A Grounded Theory Study Explaining Teachers’ Instructional Decision-making on Mathematics Fact Fluency for Students With a Mathematics Learning Disability
School of Education
Doctor of Education in Educational Leadership (EdD)
Mathematics Fact Fluency, Mathematics Learning Disability, MLD, Dyscalculia, Accuracy, Automaticity, Teacher’s Decision-making, Teacher Autonomy
Education | Special Education and Teaching
Rudd, Awilda Soto, "A Grounded Theory Study Explaining Teachers’ Instructional Decision-making on Mathematics Fact Fluency for Students With a Mathematics Learning Disability" (2019). Doctoral Dissertations and Projects. 2102.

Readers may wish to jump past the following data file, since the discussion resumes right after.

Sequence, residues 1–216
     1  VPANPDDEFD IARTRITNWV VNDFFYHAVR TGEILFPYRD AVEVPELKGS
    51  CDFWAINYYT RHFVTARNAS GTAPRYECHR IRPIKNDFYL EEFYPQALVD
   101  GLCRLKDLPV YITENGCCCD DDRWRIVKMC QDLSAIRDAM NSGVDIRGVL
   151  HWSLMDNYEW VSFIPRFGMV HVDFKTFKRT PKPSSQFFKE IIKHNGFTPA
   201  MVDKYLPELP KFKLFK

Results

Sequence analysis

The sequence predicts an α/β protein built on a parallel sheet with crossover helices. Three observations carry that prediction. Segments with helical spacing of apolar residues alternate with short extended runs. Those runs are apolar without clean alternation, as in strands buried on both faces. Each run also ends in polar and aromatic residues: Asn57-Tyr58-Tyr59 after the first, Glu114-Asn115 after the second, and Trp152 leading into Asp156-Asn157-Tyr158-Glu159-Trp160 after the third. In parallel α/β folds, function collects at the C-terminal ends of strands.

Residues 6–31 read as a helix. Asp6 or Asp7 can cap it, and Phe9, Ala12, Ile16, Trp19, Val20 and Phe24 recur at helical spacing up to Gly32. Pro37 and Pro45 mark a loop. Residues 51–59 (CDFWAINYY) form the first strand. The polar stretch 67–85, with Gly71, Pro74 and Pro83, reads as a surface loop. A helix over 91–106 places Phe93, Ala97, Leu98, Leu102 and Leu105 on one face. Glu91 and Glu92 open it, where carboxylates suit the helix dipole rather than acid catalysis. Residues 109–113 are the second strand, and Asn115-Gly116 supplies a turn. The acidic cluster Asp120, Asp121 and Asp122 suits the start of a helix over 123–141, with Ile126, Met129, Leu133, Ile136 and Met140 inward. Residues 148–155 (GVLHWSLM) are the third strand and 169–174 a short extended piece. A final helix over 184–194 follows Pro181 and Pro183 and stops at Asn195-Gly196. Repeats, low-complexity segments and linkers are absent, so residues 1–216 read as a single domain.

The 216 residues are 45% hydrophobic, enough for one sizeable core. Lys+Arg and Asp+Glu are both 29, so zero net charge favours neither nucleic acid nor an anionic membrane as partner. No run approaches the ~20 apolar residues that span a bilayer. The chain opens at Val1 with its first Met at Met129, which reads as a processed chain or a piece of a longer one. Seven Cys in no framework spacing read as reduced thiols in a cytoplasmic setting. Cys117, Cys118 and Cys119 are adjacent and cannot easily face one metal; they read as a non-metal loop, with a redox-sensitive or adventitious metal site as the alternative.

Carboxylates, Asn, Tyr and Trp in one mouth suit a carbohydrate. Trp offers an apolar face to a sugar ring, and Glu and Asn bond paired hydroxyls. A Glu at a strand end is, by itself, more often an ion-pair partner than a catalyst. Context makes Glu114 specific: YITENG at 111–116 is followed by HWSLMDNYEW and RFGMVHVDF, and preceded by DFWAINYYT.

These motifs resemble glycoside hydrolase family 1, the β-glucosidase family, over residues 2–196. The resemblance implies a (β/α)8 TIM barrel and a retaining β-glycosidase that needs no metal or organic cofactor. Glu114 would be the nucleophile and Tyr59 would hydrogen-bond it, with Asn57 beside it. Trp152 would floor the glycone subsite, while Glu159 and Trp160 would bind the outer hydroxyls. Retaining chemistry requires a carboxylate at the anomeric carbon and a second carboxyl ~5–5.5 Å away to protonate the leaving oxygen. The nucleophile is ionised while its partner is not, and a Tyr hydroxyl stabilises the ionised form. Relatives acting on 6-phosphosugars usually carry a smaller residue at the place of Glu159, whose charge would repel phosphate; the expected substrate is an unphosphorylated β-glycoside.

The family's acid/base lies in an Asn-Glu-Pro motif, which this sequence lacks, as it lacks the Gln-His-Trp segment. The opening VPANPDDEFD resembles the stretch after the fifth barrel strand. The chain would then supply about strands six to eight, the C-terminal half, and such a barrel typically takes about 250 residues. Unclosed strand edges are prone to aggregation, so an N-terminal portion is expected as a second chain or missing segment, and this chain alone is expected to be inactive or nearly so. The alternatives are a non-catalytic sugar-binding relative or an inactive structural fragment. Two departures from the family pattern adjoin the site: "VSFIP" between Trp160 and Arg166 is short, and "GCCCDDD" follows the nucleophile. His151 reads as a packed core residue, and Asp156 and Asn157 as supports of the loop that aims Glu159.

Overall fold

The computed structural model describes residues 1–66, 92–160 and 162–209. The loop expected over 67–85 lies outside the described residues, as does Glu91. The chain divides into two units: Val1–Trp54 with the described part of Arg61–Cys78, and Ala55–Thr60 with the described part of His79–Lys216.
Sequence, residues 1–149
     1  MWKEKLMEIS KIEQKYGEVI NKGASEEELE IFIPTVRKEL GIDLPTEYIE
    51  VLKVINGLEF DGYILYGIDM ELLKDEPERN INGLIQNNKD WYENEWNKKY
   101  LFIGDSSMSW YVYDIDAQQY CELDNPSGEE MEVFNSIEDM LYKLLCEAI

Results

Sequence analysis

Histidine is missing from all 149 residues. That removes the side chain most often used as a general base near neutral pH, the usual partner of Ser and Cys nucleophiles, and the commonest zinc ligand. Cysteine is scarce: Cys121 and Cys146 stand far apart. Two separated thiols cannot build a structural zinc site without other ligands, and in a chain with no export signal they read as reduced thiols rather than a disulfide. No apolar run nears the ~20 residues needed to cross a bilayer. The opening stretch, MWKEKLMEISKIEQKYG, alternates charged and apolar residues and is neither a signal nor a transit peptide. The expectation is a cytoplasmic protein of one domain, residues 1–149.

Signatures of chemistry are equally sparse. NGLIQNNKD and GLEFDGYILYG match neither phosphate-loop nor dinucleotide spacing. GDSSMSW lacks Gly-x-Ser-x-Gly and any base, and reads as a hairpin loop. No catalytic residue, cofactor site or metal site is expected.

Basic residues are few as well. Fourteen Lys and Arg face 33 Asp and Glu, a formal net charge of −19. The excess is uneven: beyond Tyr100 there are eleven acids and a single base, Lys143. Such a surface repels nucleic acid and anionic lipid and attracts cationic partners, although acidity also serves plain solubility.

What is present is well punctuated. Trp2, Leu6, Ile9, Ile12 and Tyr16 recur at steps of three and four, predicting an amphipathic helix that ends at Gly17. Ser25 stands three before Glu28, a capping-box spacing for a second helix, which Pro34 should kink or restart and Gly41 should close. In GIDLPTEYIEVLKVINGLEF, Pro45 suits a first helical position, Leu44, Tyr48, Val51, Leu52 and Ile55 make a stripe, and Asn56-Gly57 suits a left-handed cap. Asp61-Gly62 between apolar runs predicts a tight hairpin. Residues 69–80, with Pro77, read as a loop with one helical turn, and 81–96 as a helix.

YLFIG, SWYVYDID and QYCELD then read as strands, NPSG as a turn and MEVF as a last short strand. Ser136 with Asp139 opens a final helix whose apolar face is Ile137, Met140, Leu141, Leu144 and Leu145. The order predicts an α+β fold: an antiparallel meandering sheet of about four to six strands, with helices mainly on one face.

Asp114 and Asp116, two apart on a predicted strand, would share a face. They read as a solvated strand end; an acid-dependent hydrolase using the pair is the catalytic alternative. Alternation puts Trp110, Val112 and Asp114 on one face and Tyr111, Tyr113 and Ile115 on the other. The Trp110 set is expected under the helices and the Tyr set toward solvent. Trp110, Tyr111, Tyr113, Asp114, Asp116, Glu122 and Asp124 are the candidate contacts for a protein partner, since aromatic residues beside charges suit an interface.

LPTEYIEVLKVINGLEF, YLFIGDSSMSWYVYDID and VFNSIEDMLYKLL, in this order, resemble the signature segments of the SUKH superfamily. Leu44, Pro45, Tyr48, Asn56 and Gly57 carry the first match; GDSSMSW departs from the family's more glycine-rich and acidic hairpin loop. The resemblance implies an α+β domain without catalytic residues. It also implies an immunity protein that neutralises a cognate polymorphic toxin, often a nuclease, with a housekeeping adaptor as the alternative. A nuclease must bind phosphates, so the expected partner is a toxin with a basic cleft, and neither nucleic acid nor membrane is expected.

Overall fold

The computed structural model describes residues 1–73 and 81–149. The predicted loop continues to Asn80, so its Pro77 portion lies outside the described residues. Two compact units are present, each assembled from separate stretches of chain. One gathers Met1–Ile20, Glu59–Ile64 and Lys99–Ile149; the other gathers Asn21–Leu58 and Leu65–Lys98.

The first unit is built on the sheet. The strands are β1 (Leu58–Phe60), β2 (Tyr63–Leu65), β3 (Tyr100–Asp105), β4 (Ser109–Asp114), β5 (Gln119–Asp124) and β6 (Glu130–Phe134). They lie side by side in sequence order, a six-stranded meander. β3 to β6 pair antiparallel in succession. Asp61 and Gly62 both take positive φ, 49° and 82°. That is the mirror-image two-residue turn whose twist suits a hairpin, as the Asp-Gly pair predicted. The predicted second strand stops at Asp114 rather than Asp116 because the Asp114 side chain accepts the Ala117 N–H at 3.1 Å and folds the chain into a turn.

The purpose of this systematic grounded theory study was to explain the process teachers undergo when making instructional decisions on mathematics fact fluency for students with a learning disability in mathematics (MLD). The study focuses on revealing the factors, influencers, and knowledge that teachers negotiate to make instructional decisions. These constructs are necessary to understand and explain as the field of mathematics looks to improve the use of evidence-based instructional practices for students with MLD. There are currently no studies that provide an in-depth understanding of teachers’ decision-making within the construct of instructional decisions in mathematics fact fluency for students with MLD. Furthermore, there is no model or theory that explains decision-making in special education mathematics practices. The conceptual framework that guides this study is a synthesis of the theories used to explain decision-making in education: behaviorism, affirmation theory, concerns-based adoption model, and growth mindset. The study was open to licensed educators and tutors who teach mathematics to students with MLD in the United States. Data was collected from interviews, responses to vignettes, and student profile examinations. Data was analyzed using systematic grounded theory data analysis procedures and themes of the model form the structure of the theory, which was developed from the data. The resulting theory explains teachers’ decision-making as a process focused on students passing the end of year test. All teachers experience the same influencers (i.e., curricula, pacing guides, school and district initiatives): however, the difference in their decision making lies on their perceived autonomy or perceived diminished autonomy. Implications for further research are also included.